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Defined benefit (DB) plans and defined contribution (DC) plans are the two main types of retirement pensions sponsored by US employers. This paper explores the choices made by employees in a non-profit firm when offered the option of switching from a DB to a DC plan. Overall, half of the employees switched into the DC plan and half stayed with the DB. We find that both demographic and economic factors affected an employee’s plan switch decisions. We also find that the default option – by making no active election an employee remained in the old DB plan – had an important impact on some employees’ retirement savings. Surprisingly, half of the employees under age of 40 who could potentially benefit more from the DC plan defaulted to the DB plan, and the DB defaulters were more similar to the DC switchers than DB choosers. According to the employer’s calculation, altogether the defaulted employees with positive opportunity costs have forgone $7M, or 37 percent of their annual salary. Among those who switched to the DC plan, the contribution rates were affected by the DC plan match formula, the employee’s age, salary, and other saving. Given the actual behavior of those who switched, there was virtually no change in employer pension expenses after the switch.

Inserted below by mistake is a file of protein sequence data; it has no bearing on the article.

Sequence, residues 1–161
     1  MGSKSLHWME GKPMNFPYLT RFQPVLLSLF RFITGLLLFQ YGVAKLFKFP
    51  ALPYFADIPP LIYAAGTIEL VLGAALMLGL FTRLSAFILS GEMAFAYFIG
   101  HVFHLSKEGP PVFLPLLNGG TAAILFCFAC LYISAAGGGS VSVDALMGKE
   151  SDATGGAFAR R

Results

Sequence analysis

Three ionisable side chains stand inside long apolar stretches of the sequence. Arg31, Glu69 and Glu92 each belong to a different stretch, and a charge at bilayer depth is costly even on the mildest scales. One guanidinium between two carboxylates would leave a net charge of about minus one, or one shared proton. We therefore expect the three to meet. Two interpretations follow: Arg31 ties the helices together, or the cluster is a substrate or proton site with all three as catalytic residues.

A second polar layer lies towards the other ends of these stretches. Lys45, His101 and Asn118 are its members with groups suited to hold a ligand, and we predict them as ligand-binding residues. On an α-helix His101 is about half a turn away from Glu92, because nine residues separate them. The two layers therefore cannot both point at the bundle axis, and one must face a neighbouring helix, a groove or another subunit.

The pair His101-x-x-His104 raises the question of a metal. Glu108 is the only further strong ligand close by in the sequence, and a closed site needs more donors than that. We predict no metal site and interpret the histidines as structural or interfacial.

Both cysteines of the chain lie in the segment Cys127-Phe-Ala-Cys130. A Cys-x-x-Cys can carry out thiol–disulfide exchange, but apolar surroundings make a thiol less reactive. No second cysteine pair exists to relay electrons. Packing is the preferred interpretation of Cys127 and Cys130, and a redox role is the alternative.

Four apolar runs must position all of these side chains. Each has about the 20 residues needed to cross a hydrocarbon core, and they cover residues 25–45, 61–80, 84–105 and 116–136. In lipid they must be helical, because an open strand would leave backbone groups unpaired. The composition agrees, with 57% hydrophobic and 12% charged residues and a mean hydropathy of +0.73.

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©2005 Pension Research Council of the Wharton School of the University of Pennsylvania. All Rights Reserved.
Funding for this research was provided by the Pension Research Council and the Insurance and Risk Management Department at the Wharton School of the University of Pennsylvania. The author is grateful for comments from Leny Bader, Dominic Disandro, Eileen Founds, and Jack Heuer. The author also acknowledges helpful suggestions from Andrew Au, Neil Doherty, Michael Heller, Robert Inman, Marie-Eve Lachance, Brigitte Madrian, David McCarthy, Olivia S. Mitchell, Alex Muermann, Stephen Shore, and Matthew White. Any remaining errors are the author’s responsibility.
Date Posted: 30 August 2019